“The sport is not going to go away. It’s going to grow like crazy,” said Stohlman, who took up the game last year.
On the map
Alvin Kallicharan, a former captain of the West Indies national cricket team and a two-time World Cup champion, moved to the area five years ago and has become an unofficial ambassador for Triangle cricket.
“By speaking to Americans, local people, I want to see how we can spread the sport in different directions so it doesn’t become an Indian thing or West Indian thing or cricket just for expatriates,” he said. “I want everybody to understand the game.”
The recently opened cricket pitch at Morrisville’s Church Street Park will help generate interest throughout the region, Kallicharan says.
“What Morrisville has done will have a tremendous effect toward bringing people from outside North Carolina to play in tournaments on a prestigious ground like this,” he said.
Pankaj Deshpande, captain of the RTP Panthers, holds a hard leather cricket ball. The traditional red ball is used in daytime matches, but a white ball is used when games are played under lights.
As the only regulation-size cricket field between Fort Lauderdale, Fla., and New Jersey, the facility has already attracted out-of-town visitors. In November, officials from the International Cricket Council visited Church Street Park and were impressed by the cricket grounds, Stohlman says.
The town hopes to eventually attract larger national tournaments. In the meantime, the field will host regional tournaments and exhibition games featuring national and international teams.
“This regulation-size cricket field gives Morrisville something that no other town in North Carolina has and puts us on the map as a community that’s innovative, inclusive and willing to do something a little different from the rest of the towns,” Stohlman said.
“It’s already paid off. There’s already so much excitement.”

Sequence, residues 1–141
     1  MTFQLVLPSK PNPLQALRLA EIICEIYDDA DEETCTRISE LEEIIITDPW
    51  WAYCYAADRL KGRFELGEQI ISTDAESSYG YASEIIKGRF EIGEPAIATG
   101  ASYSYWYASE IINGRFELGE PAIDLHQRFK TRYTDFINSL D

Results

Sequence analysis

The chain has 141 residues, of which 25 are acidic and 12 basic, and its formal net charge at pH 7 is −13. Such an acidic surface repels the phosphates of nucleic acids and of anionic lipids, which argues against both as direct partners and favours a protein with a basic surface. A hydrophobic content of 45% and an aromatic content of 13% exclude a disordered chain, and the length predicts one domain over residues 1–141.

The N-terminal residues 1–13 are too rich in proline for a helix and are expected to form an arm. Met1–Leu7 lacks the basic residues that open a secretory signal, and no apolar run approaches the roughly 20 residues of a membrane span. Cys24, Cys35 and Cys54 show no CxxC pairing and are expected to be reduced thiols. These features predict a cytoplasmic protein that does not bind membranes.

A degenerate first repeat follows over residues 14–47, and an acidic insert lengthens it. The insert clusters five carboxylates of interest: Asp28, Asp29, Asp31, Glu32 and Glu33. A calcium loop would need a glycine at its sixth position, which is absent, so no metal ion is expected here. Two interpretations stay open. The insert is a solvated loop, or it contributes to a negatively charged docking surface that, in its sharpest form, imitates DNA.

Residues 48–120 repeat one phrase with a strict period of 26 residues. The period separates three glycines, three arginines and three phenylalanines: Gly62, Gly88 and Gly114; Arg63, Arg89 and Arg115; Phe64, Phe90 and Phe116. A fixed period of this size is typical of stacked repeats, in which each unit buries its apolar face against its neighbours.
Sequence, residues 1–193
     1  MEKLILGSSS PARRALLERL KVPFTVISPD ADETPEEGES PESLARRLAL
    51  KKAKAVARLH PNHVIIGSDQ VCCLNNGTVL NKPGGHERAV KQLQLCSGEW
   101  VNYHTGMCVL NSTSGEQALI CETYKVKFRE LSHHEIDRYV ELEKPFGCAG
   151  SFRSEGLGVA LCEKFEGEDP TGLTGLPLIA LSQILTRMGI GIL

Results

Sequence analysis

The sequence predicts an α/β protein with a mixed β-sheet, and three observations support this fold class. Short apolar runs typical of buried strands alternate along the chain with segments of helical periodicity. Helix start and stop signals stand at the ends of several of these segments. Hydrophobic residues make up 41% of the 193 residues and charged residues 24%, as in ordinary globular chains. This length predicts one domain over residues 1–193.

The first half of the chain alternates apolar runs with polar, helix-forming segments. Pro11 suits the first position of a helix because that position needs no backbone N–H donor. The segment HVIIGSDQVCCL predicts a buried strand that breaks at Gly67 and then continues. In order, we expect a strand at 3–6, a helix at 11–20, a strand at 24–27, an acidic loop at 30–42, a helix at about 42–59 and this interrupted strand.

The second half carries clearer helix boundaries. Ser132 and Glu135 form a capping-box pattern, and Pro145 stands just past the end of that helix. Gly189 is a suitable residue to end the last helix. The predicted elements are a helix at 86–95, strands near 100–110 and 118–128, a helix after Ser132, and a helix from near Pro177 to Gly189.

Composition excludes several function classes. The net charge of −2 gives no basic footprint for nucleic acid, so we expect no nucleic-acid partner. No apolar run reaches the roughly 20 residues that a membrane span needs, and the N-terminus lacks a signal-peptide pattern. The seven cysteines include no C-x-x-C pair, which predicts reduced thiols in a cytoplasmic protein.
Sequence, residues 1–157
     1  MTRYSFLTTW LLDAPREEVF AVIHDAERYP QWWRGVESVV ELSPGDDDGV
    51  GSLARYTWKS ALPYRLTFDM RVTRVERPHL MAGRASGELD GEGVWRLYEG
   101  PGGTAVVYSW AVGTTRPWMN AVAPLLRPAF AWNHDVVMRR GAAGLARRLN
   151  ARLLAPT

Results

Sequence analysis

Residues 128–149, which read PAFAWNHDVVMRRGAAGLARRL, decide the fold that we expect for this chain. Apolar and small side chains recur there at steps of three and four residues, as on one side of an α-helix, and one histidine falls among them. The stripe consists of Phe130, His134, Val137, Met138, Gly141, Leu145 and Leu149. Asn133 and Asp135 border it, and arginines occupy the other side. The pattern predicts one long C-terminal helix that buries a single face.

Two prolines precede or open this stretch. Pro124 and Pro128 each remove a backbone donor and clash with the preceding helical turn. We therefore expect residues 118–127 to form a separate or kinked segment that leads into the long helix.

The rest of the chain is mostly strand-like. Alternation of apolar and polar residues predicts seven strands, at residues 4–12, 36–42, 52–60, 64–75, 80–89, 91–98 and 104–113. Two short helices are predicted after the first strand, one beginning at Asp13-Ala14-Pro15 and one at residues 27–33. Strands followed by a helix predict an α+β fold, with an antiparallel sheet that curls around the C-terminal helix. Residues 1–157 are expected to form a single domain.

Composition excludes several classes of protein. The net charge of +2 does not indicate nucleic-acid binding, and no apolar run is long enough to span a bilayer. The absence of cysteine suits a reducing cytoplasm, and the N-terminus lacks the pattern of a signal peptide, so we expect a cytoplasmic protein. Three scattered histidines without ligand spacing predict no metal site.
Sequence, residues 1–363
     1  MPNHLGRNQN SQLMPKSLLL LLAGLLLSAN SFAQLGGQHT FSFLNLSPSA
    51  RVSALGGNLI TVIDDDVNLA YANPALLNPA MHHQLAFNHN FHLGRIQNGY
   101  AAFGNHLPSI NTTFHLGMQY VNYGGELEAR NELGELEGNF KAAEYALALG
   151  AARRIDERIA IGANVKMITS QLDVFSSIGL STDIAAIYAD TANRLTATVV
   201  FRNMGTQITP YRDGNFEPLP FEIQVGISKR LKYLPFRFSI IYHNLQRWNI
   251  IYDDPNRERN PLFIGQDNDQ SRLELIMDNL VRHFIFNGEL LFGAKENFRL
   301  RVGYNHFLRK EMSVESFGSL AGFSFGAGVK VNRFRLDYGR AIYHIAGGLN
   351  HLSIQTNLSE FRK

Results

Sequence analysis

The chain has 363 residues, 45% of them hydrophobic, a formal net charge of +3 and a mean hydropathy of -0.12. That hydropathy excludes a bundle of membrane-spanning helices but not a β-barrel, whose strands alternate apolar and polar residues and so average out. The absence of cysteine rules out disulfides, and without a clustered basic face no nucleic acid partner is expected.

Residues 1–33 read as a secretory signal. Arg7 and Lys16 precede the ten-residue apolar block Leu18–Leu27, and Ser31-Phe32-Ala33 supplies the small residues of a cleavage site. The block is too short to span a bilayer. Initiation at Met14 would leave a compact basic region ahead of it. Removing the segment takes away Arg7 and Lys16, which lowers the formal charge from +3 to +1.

Much like baseball, two teams take turns hitting and fielding. As one team tries to score runs, the other team fields and tries to get the batter out. The team with the most runs wins.
- Cricket is played on a roughly elliptical field; the action happens within a 66-foot rectangle in the center called the pitch, which is bordered by two safe areas called creases. Within each crease are the wickets.
- Each team has 11 players, and each team bats once.
- Pitchers, or bowlers, rotate every six pitches, called an over.
- A batsman at bat is a striker; a batsman waiting to bat is a non-striker. Batsmen get one turn at bat, which lasts till they are out.
- For the batting team, one batsman stands at each end of the pitch, in the crease in front of the wicket. The striker must protect his wicket and score runs.
- The bowler throws from one end of the pitch to the striker at the other end.
- The striker hits the ball, and while the ball is in play, the striker and non-striker run between the creases, switching sides. Every time they switch sides safely, a run is scored.
- An inning lasts until 10 outs or a predetermined number of overs, whichever comes first.
There are many ways to get out, but among the most common are:
- The bowler hits the wicket with the ball.
- A fielder hits the wicket with the ball while the batsman is out of the crease.
- A hit ball is caught by a fielder, like a pop fly in baseball.
- The batsman uses his leg to stop the ball from hitting the wicket.
Source: High Point Cricket Club